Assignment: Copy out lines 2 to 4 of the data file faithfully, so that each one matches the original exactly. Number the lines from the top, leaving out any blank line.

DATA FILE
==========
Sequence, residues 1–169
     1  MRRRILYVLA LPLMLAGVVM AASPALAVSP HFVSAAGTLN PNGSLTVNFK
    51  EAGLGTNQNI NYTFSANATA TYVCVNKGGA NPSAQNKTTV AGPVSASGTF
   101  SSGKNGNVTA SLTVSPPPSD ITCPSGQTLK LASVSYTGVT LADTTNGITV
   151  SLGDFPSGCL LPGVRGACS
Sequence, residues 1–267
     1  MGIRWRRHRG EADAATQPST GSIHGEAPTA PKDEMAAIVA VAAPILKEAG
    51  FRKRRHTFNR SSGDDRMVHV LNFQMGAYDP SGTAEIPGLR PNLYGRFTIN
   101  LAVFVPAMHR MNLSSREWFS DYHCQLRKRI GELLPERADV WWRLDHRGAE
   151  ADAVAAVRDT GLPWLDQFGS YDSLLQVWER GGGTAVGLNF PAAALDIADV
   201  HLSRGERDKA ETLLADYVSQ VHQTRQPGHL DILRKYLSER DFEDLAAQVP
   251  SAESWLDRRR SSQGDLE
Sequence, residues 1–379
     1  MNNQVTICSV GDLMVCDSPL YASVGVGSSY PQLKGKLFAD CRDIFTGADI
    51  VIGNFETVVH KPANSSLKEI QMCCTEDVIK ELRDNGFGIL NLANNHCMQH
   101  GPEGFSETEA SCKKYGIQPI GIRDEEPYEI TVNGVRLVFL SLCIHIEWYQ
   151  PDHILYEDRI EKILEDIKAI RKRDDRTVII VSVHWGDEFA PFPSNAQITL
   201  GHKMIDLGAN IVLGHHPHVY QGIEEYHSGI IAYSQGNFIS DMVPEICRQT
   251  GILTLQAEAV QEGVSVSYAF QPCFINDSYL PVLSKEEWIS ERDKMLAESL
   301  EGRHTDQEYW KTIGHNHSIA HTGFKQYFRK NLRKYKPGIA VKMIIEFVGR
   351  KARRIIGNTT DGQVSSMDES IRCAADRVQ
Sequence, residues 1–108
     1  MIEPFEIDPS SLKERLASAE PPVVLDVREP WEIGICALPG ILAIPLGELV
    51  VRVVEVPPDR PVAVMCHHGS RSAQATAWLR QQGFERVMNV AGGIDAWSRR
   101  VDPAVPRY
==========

     1  MRRRILYVLA LPLMLAGVVM AASPALAVSP HFVSAAGTLN PNGSLTVNFK
    51  EAGLGTNQNI NYTFSANATA TYVCVNKGGA NPSAQNKTTV AGPVSASGTF
   101  SSGKNGNVTA SLTVSPPPSD ITCPSGQTLK LASVSYTGVT LADTTNGITV